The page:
Sometimes poetry is what's found in the local customs of a people. The ones not on display for the tourists but the ones where people display themselves for each other. In Catalunya (and I intentionally use the Catalan spelling), this poetry takes the form of building human castles. For the last several Fridays, I have attended the rehearsals in a local gym constructed especially for the Castellers.
The origin of this "sport," or sculpture in motion, dance practice, even, is obscure, but goes back at least 200 years. In the book I'm consulting, Human Towers: Castells: Touching the Sky with the Hand, by Josep Almirall, the theory set forth is that sometime between the 18th and 19th centuries, small castles were built as part of a dance. With some rivalry, the forming of human castles became independent of the dance and took root in the city of Valls. Eventually the practice spread throughout Catalunya.
The formations that the members of a particular colla, in this case those from Vila de Gracia (the particular neighborhood where I reside), are intricate and dangerous, and require enormous skill and group effort to make sure that everyone is safe. They demonstrate what Robert Hughes and others call the characteristic spirit of the Catalan people: seny, meaning commonsense, down-to-earth wisdom. Stability. One needs lots of stability to build a human castle.
Castellers from Gracia, Badalona, and Sitges making a Pillar formation
This past Sunday, only because one of the members had been kind enough to tell us about it, a photographer, another resident here at Jiwar, and I went to an outdoor display of three different groups or colles in a nearby plaza: the one from Gracia (in blue), one from Badalona (in yellow), and one from Sitges (in dark red). I had hoped to film a video of the building of one of the towers but my IPhone malfunctioned. Here are some stills instead.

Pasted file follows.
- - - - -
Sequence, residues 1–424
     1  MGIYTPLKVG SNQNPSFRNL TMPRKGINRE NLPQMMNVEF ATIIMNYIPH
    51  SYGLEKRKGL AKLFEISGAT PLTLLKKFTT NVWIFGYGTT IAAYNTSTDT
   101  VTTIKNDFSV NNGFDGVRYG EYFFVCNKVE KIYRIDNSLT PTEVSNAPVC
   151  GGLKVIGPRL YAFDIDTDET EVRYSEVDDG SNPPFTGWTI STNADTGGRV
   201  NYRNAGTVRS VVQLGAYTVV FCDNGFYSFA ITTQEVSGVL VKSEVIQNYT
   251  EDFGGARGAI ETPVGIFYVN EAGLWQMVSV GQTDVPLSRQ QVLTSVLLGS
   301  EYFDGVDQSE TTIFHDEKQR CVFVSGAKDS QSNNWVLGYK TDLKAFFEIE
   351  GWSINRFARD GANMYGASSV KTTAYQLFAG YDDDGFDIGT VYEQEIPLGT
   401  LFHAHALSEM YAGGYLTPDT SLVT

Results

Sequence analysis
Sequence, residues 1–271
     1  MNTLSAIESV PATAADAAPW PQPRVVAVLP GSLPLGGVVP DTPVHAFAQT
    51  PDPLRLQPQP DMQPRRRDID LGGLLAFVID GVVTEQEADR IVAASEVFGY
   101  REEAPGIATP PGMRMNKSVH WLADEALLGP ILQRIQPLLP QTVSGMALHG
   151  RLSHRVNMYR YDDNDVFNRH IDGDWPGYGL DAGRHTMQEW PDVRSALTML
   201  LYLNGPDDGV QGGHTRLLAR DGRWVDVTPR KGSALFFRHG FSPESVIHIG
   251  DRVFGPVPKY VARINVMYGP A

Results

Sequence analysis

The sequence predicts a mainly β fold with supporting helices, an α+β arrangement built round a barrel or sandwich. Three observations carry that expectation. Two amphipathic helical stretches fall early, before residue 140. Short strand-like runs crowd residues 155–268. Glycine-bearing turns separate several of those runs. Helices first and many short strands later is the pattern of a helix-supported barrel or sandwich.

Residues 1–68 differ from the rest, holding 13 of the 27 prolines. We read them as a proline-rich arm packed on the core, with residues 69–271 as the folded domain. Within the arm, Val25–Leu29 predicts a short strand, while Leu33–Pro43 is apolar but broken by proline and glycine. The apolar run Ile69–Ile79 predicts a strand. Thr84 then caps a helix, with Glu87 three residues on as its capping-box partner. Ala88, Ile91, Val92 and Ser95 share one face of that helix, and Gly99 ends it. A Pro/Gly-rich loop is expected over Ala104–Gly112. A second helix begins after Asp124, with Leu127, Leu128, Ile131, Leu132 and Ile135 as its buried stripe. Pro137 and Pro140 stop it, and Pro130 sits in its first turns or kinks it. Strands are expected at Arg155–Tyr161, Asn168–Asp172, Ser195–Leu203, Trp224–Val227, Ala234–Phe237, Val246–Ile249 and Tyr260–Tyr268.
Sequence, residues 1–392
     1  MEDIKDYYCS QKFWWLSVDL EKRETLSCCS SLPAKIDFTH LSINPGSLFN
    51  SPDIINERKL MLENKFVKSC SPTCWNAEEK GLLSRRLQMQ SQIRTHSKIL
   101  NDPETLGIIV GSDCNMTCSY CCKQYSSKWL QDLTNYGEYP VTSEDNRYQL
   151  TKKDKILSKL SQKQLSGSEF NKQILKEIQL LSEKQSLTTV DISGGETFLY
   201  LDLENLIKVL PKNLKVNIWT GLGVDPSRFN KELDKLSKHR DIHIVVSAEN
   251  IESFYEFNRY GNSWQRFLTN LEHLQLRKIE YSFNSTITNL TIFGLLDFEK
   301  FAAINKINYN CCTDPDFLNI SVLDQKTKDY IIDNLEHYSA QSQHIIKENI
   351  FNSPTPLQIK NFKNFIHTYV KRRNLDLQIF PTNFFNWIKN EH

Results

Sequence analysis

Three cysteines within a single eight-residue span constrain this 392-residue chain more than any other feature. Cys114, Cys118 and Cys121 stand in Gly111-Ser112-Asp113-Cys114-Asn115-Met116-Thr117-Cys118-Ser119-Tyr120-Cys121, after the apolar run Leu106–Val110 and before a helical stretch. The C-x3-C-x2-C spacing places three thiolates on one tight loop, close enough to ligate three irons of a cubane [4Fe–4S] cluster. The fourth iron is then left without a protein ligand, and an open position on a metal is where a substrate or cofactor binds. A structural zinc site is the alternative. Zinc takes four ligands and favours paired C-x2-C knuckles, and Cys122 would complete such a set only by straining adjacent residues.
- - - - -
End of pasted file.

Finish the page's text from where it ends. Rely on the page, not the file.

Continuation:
Musicians from the Gracia colla playing the timbal and gralles
Why do I call it poetry? Because there are structures that the members follow. But each time a castell is made, it will look different because of the people composing the structure. As it should be. I think of the levels as stanzas and the number of people at each level the number of lines. For instance, in the image above, There's also live music played on two instruments: a gralla (a strident-sounding pipe) and a timbal (small drum), which I got to hear for the first time in the plaza. Even the way the members of the colla dismantle themselves is done with careful grace.
Since the Eighties, women have participated as Castelleras. In fact, they have become very useful in the higher layers of the structure because they often weigh less than the men. But no one is too old or almost too young to participate. I have seen corpulent men and women as part of the base of the structure. And, at the very top, I have seen young children (no more than 7 or 8 years old though they look even younger).
In a world of exclusivity, this practice is one of inclusivity. If I lived here, I could join the local colla. In fact, the young woman we met at the rehearsal urged me and my friend to join in as part of the base, but both of us begged off with bad backs. Perhaps, with my poor sense of balance, I could only be part of the pinya, the base, which stabilizes the entire structure. And in the plaza, I saw members of different colles helping to form the pinya while a particular colla created the rest of the castell.